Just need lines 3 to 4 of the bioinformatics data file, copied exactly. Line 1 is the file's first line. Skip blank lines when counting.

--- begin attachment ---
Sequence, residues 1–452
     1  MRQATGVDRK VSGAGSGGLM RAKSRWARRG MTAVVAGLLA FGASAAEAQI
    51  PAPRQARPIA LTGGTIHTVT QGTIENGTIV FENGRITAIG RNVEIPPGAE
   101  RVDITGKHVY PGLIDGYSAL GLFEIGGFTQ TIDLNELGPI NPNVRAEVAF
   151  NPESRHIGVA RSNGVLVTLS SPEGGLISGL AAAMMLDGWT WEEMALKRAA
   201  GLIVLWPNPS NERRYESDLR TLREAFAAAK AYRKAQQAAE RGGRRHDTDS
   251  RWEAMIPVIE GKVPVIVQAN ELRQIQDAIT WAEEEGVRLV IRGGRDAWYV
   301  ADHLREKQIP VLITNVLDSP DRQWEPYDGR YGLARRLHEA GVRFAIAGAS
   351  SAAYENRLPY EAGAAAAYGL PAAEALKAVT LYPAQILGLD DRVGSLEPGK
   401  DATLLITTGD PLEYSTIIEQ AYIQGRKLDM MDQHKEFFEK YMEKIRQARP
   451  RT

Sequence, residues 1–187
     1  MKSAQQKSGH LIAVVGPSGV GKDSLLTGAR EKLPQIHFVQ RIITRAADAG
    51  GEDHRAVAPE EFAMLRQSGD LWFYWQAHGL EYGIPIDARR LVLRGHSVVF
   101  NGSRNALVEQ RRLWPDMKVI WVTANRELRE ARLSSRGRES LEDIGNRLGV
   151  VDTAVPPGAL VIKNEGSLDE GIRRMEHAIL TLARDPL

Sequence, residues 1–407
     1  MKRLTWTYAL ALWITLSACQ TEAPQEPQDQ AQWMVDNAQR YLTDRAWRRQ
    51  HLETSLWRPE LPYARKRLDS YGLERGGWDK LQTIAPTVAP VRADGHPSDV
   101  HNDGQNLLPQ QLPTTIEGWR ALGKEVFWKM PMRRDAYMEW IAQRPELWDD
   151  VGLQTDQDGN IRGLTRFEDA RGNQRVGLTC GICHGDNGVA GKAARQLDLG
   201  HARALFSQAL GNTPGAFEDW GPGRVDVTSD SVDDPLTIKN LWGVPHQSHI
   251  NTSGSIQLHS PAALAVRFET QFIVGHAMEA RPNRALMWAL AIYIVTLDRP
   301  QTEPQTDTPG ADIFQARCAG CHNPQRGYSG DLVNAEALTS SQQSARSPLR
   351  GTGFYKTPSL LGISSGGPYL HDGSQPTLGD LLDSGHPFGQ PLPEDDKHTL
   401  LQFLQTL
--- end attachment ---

    51  PAPRQARPIA LTGGTIHTVT QGTIENGTIV FENGRITAIG RNVEIPPGAE
   101  RVDITGKHVY PGLIDGYSAL GLFEIGGFTQ TIDLNELGPI NPNVRAEVAF